La Femme Féroce

Sparking Creativity: From McKinsey Executives to You

Hello, mes chéries! I’m back in my old stomping grounds for my final college semester. It’s completely surreal to me. Even though I am dying to get out and kick-start my life, I am excited to make the most out of it starting with my classes tomorrow. As I was shopping for my usual back-to-school necessities today, I received an inspirational text from my aunt.

My aunt has always acted as a second mother to me, a Godmother, and a moral compass. Growing up, I was very close to her and visited her every week or every other week. After moving away for college, she found ways to stay connected through special gifts or sending me random words of wisdom. Her latest one was an article she came across published by McKinsey & Company. (For those of you who are unfamiliar with the field, McKinsey is a very prestigious global management consulting firm.) The article is titled Sparking Creativity in Teams: An Executive’s Guide.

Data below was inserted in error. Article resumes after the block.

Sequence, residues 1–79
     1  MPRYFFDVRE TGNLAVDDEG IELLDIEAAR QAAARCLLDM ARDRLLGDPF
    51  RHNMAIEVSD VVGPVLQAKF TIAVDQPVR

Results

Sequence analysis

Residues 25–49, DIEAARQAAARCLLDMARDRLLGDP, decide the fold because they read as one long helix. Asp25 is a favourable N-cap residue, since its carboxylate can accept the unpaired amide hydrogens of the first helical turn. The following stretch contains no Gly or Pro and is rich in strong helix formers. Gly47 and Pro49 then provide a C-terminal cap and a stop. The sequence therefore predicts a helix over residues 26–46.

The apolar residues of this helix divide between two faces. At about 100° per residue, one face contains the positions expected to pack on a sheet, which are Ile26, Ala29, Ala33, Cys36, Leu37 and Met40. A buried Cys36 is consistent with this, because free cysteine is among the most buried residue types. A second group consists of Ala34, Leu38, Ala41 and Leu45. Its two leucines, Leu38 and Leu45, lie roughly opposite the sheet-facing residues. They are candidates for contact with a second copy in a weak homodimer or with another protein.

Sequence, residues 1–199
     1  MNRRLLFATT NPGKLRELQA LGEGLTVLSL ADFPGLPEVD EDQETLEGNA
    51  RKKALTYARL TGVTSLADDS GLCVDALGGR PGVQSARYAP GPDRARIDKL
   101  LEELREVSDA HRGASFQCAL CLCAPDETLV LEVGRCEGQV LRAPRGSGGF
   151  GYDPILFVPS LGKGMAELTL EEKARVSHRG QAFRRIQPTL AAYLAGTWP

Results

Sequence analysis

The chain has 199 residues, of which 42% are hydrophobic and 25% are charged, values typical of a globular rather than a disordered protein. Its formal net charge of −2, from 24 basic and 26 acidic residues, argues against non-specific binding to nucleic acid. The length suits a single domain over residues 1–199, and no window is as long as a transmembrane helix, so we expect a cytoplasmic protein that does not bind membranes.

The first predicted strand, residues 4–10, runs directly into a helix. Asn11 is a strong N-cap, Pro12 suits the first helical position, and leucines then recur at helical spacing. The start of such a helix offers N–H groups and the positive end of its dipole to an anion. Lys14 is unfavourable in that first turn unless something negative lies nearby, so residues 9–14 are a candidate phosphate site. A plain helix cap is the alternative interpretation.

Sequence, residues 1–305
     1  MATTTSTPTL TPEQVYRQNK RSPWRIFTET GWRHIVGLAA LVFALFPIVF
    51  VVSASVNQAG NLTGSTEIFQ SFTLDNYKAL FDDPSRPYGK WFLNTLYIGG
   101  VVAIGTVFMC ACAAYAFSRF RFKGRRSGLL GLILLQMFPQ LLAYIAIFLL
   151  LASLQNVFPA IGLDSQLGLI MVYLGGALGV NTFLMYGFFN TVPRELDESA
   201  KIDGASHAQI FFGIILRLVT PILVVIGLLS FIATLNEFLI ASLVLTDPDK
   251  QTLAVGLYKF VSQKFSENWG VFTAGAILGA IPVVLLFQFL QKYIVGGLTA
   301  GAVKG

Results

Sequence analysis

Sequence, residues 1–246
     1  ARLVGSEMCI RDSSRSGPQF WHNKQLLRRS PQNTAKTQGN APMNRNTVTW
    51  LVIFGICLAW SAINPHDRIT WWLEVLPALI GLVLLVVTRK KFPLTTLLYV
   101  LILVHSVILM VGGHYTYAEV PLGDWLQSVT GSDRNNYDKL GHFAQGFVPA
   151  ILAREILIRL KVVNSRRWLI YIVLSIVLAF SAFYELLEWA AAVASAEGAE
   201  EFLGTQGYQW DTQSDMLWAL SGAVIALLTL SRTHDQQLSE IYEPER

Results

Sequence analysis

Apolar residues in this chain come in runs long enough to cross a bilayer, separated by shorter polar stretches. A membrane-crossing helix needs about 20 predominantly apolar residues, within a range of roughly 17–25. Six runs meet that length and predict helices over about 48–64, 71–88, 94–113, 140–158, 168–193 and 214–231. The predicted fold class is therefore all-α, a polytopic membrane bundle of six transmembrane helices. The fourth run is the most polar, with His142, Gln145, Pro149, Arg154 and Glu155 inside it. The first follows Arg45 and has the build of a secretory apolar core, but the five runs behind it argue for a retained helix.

What sparked my immediate interest wasn’t in the firm name attached to the article but something the authors wrote in the introduction paragraph. I’ve bolded the key points to it below:

The key is to focus on perception, which leading neuroscientists, such as Emory University’s Gregory Berns, find is intrinsically linked to creativity in the human brain. To perceive things differently, Berns maintains, we must bombard our brains with things it has never encountered. This kind of novelty is vital because the brain has evolved for efficiency and routinely takes perceptual shortcuts to save energy; perceiving information in the usual way requires little of it. Only by forcing our brains to recategorize information and move beyond our habitual thinking patterns can we begin to imagine truly novel alternatives.

The impact of this article is not so much the invitation into the minds of incredible consultants’ but rather the applicability to the every day person. The authors broke down their points into four main sections:

  1. Immerse Yourself
  2. Overcome Orthodoxes
  3. Use Analogies
  4. Create Constraints

While all of the content in each section is quite beneficial for when I start working in August, I was more interested in how it applies to you and me right now. Below I’ve broken down the information into two columns per main point. The column on the left will summarize the points the authors of the article made while the column on the right will include how I interpreted the content for every day usage whether it’s your daily routines, organizations, friendships, or projects.

Immerse Yourself

 For A Team: